In St Augustine, the early bird gets the muffin. Every Saturday from 8:30am to 12:30pm, the St Augustine Amphitheater hosts a farmers market with local food, beverage and craft vendors. Walk through a grove of sun-dappled oaks and stock up on freshly baked vegan muffins, bottles of raw local honey and fermented foodstuffs while live bluegrass music fills the venue. If you’re feeling particularly auspicious, have your tarot cards read at the Fairy General Store. You never know: there just might be some doughnuts in your future.
Feed a gator at the St Augustine Alligator Farm
Open 365 days a year, the St Augustine Alligator Farm is the only facility in the world that houses all 24 crocodilian species. It’s also a great place to catch a glimpse of lemurs and birds, fossils and Gomek, too (he’s the zoo’s resident 2000-pound gator). After touring the various reptilian exhibitions around the park, get a sky-high view of all the attractions on the park’s climbing wall or via one of two zip-line courses that will send you soaring in the air some 35ft over the exhibitions.
Stop for a drink at St Augustine Distillery
Housed in a renovated FP&L ice plant built in 1905, St Augustine Distillery distills and bottles everything they sell – no sourcing or blending of any outside whiskies here. Join one of the free tours offered seven days a week between 10:30am and 5:30pm to learn about the distillation process, take a selfie in front of the copper stills and sample four signature cocktails. Before your tour, ask about the “Fill Your Own Bottle” experience for a chance to personalize your own bottle of bourbon.
Savor seafood in a historic Victorian home
Though we can’t find a scientific study to back this up, we think dinner just tastes better on a wraparound balcony. You’ll find a doozy of one at Preserved, a cozy Victorian home-turned-restaurant that once belonged to Thomas Jefferson’s great-granddaughter. A James Beard–nominated chef whips up Southern staples with a French touch, including bouillabaisse with Mayport shrimp, mussels frites and braised short rib – all worthy precursors to the s’more bouchon dessert, which comes enrobed in toasted meringue, graham cracker crumble and caramelized white chocolate.
Take a swim at Anastasia State Park
When in Florida, do as the locals do and get your daily dose of vitamin D at a nearby beach. In St Augustine, that means heading to Anastasia State Park for swimming, kayaking and stand-up paddleboarding in the Atlantic Ocean. Here, you’ll find four miles of protected white-quartz sand beaches in a 1600-acre wildlife preserve, where you can spend the day shelling or keeping an eye out for the occasional pod of dolphins that visit the area. If you’re feeling adventurous, take to the park’s trails to spot warblers, cardinals and gopher tortoises.
Visit the first free African settlement in the US
Fort Mose Historic State Park was the first legally sanctioned settlement of free Africans in the US. The catch? Escaping enslaved Africans had to declare their allegiance to the king of Spain and convert to Catholicism. While no original settlement structures remain, you can read about the site’s history at an interactive museum, then wander down a boardwalk that overlooks the land where the village once stood. Fort Mose is also a popular site for Geocachers, who hide small treasures around the park in a digital riff on hide-and-seek.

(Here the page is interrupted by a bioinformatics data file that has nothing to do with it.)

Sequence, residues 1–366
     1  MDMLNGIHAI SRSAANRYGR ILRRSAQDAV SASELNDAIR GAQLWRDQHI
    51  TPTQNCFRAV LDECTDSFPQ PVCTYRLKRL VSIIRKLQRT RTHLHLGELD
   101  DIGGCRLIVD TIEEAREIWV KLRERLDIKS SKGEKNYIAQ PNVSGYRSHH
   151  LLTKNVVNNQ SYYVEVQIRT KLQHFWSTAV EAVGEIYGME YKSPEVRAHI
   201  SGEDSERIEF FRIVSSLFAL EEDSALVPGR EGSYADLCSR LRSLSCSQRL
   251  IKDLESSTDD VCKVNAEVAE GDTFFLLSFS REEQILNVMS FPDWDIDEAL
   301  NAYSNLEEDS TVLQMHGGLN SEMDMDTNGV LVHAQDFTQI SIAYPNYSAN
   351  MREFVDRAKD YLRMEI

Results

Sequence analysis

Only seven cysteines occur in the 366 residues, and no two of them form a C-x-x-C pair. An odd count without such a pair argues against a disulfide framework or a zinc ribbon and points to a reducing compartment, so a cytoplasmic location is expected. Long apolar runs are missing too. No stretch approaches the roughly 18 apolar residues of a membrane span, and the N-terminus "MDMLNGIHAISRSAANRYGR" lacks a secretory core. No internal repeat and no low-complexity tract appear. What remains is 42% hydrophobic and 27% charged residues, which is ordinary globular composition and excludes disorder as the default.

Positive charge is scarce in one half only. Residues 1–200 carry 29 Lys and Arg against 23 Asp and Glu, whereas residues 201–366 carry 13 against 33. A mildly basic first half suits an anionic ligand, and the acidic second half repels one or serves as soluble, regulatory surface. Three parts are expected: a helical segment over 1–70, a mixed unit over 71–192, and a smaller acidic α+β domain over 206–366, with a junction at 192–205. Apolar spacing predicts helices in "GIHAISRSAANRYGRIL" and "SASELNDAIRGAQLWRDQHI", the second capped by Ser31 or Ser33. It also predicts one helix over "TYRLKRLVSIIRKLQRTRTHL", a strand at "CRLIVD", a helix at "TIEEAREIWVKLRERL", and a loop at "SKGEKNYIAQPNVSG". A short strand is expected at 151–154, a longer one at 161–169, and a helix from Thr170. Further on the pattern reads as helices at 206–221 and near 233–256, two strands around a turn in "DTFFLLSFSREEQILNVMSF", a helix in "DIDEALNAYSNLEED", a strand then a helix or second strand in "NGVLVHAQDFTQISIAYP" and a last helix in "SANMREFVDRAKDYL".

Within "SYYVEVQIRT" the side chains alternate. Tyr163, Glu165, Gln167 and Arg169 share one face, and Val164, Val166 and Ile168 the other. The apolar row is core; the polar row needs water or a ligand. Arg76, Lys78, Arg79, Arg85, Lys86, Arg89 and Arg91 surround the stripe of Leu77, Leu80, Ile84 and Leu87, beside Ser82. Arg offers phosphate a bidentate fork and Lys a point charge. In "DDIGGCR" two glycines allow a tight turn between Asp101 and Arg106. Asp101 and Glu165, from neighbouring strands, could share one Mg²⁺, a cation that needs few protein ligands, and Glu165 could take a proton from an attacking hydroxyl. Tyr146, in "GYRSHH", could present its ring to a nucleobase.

Swirl, then sip at San Sebastian Winery
Situated in one of Henry Flager’s East Coast Railway buildings, San Sebastian Winery has been producing vintages since 1996, with a particular focus on sparkling and dessert varieties using the muscadine grape. You can sample these varietals together with a robust port and a creamy sherry seven days a week during the winery’s free tours and tastings. On weekends, locals know to head up to the wine bar upstairs, where live music, wine and snacks give way to one of the best views of the St Augustine skyline.
Meet a white lion at the St Augustine Wildlife Reserve
It isn’t everyday you get to meet a white lion – or a tiliger, for that matter. At the St Augustine Wildlife Reserve, it’s all in a day’s tour. The seven-acre sanctuary provides a safe, humane space for unwanted or abused exotic animals. Tours are an hour-and-a-half long and offer an introduction to each species, their basic biology and how they arrived at the sanctuary. You’ll have the opportunity to get within just feet of white and orange tigers, a golden tabby tiger, a tiliger (the offspring of a tiger and a ligress), jaguars, wolves and bear. Tours are offered throughout the week, but it’s best to book ahead of time online.
Cool off inside a historic ice plant
Like many spots in St Augustine, Ice Plant has a story. This bar and restaurant has stayed true to its original 1927 design: look above the bar and you’ll see the original bridge crane once used to pick up huge blocks of ice that were broken down and sold to local customers, including shrimpers. Keeping true to its roots, the bar offers three varieties of ice for cocktails, each one incorporating fresh-pressed juices, bitters and house-made syrups. The food menu here features elevated pub fare in the form of hand-cut fries served with aioli and truffle Parmesan, a half-pound burger made with grass-fed Florida Wagyu beef and skillet-fried chicken with hoe cakes.